Each of the farms in this photo is owned by  Dubois family members.

As clouds moved in, I painted the pile of shapes that made the farmhouse and outbuildings and trees all one long, meandering bigger shape in the fields.

In another beginning, I decided to not carry this to the usual "finish." I find this delicious mix of colorful washes more satisfying as a small statement about the farm's silhouette against the setting sun.

As the light began to fade I did one more painting, again just hoping to capture the essence of what was in front of me, before ending the day.

Back home in my studio I took it one step more, adding a darker value in the buildings and trees, and indicating the distant horizon. I kinda' like this little guy. 

And finally, this past weekend I did this painting along the stream in nearby Merion Park, where I've painted many times. I think I'll submit this one to the upcoming Annual Exhibition of the Philadelphia Watercolor Society.
Wish me luck.

Saturday, April 28, 2012

A Busy Week Of Sketching, Painting, and Illustrating.

Yet another visit to one of my Dad's doctors with, of course, lots of time spent in the waiting room...waiting.

On my way back to Philly I was seduced by this old familiar long-ago-abandoned farm, and had to finally  capture it with  watercolor in my 5 X 8" Moleskin.

And about five miles away; another farm I've been driving past for so many years, patiently awaiting
my brush on paper.

In the middle of the week I indulged in a light meal at my favorite Chinese  take-out. Seems some people have a bad-hair-day, others a bad-hair-evening.

I also finally finished an illustration project for my friend and writing teacher, Casey. Here is the cover art I did for her very first novel.

And this and the following three pen and ink drawings are for the inside of her book.

A long week of enjoyable and challenging art experiences.

Monday, April 9, 2012

Inspired by David Hockney.

This is a self-portrait by David Hockney, a mentor to me (he doesn't know it) and in my opinion one of the great innovators of our time.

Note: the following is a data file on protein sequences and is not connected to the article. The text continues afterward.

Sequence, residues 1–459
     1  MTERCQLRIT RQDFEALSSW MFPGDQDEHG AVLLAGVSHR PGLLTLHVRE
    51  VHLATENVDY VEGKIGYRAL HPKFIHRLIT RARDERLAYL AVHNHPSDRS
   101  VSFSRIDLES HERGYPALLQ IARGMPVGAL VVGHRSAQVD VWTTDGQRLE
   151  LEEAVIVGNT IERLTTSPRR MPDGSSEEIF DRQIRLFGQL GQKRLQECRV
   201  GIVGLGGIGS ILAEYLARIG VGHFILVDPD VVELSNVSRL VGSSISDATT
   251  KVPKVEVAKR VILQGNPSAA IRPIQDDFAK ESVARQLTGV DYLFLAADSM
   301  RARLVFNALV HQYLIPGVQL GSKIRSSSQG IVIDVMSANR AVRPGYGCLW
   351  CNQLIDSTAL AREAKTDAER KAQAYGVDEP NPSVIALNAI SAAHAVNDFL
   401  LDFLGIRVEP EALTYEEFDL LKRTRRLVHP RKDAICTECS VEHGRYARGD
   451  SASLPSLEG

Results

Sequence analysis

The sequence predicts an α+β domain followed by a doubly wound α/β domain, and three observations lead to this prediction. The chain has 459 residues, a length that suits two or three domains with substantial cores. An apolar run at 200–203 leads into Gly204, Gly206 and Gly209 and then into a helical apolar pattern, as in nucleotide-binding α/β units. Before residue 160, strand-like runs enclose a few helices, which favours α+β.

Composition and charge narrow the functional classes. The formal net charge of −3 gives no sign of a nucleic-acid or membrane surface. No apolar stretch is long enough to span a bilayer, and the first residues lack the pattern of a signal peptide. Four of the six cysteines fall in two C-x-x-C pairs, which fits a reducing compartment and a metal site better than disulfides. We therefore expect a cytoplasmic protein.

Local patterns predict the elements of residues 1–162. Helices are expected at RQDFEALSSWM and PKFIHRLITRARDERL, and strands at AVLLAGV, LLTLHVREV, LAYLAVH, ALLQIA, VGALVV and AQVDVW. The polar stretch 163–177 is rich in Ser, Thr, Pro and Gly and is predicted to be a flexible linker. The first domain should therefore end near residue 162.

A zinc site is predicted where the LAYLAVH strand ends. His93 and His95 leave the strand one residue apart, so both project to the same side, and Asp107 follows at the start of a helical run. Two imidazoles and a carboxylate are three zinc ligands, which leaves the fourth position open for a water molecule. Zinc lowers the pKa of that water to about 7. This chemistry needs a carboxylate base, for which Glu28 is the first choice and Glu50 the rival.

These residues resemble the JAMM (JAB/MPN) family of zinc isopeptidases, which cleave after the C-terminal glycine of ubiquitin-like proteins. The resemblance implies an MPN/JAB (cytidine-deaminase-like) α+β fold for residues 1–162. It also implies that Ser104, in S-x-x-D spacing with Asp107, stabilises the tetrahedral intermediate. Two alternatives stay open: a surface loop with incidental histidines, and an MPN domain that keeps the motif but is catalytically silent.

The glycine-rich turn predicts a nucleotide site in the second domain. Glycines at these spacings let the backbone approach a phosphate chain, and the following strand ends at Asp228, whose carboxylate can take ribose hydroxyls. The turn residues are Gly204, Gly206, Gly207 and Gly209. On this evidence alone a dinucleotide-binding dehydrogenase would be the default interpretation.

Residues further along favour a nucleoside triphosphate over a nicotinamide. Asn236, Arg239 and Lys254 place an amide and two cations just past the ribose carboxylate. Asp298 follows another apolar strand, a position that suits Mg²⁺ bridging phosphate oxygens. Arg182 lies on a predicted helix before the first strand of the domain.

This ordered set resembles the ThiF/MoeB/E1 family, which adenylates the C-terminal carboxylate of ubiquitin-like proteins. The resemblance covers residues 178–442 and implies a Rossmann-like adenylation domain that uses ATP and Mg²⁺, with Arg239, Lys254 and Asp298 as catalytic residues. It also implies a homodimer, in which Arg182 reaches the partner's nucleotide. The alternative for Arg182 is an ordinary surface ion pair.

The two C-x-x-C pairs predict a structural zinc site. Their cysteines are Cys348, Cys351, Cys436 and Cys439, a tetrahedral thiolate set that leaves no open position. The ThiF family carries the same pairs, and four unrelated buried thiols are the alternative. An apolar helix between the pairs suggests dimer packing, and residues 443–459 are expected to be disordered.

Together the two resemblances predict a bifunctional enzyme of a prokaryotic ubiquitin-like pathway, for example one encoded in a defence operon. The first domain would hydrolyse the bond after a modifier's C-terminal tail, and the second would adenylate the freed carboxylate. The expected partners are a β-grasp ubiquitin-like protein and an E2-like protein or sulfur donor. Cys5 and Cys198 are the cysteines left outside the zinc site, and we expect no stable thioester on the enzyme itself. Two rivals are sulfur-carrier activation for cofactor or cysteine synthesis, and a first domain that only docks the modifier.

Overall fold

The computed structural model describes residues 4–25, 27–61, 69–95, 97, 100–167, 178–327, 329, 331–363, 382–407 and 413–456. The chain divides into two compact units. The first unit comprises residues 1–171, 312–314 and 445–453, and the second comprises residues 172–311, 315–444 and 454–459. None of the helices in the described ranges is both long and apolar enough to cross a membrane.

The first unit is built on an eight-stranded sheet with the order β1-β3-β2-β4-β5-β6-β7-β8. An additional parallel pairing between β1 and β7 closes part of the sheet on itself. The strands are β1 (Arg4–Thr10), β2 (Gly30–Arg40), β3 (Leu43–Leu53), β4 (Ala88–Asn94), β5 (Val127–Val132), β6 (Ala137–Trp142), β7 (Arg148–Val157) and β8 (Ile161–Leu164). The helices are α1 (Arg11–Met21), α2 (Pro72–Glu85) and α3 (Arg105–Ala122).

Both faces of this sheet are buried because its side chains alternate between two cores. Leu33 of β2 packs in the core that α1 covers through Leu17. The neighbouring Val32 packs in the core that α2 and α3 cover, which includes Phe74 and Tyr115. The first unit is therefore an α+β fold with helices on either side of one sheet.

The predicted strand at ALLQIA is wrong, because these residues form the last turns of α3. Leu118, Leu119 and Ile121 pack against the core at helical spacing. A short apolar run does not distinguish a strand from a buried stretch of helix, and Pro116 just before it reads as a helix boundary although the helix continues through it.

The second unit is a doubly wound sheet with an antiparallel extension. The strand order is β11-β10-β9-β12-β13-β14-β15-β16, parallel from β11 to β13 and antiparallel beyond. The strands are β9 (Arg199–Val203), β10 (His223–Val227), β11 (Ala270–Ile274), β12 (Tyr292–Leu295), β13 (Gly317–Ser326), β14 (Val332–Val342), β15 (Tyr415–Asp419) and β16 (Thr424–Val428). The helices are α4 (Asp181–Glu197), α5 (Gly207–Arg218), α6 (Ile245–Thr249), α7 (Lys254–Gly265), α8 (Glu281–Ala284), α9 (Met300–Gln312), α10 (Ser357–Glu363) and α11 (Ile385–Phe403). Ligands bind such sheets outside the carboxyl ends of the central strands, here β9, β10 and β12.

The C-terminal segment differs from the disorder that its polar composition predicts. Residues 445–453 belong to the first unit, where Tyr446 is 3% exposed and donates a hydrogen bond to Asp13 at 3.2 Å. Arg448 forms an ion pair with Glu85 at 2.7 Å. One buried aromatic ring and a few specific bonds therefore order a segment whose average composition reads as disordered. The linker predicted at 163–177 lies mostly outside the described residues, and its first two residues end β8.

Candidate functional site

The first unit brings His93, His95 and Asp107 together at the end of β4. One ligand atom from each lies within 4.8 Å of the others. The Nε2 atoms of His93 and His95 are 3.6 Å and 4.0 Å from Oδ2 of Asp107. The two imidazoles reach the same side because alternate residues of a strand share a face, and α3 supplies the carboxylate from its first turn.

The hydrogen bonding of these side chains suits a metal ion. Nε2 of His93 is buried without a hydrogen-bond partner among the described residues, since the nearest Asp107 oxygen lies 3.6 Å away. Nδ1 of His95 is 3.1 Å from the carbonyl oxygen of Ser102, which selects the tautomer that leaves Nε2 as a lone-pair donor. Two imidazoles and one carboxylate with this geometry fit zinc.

Hockney has inspired me on so many levels over the years. He is prolific, creative, always exploring new mediums, and much too busy doing his art to be concerned about his critics.

After living in LA for many years, Hockney has returned to his roots, in Yorkshire, England.
I recently purchased this facsimile sketchbook of his, from 2004.

It is one of many he fills with dashed off impressions in pencil, pen, and watercolor. For me, a window into how the man thinks and sees. (detail)

A few weeks ago, as I was driving down to teach in South Jersey, I lived dangerously and did this scribble, with the sketchbook in my lap, in an attempt to capture shapes in the misty, early morning landscape.

Later that day I did this double-page watercolor sketch, using the earlier pen scratchings as an aid to capture not a specific place, but my lingering impression of the Jersey landscape.

This past Friday, while visiting my Dad, I could not resist setting up a kitchen chair at the edge of the field that I've now painted and photographed many times.

This watercolor took about forty-five minutes to paint. Spring is in the air, and thanks to Hockney, I'm off and running. 


Saturday, March 3, 2012

A Busy Week In Sketches.

My journals are reminders of what I did, and when, throughout the week...and my life.

I began this week with breakfast at Manhattan Bagel.

And lingered over my ham egg and cheese on an "everything" long enough to draw this gentleman, a "regular."

A few days later I found myself at "Hymies," my  favorite local Deli, for lunch.

On Friday I drove down to Jersey to take my Dad to have his eyes examined. Seems at the ripe age of ninety nine he has a hard time these days reading the small print in his racing form.

I left his house later than usual, so I decided to have a quiet dinner about two miles away, at "Ye Olde Centerton Inne,"  a local restaurant that was a stagecoach stop from Philly to the Jersey shore, in Colonial Times. Here are two "regulars" at the bar.

This place is filled with nostalgia from my childhood. As kids my brothers and I would join friends on Halloween and "Trick or Treat" in the small village of Centerton. Knocking on the door of the Inn took guts, 'cause everyone knew the place was surely haunted.   But on this night it was just a great place to end my week.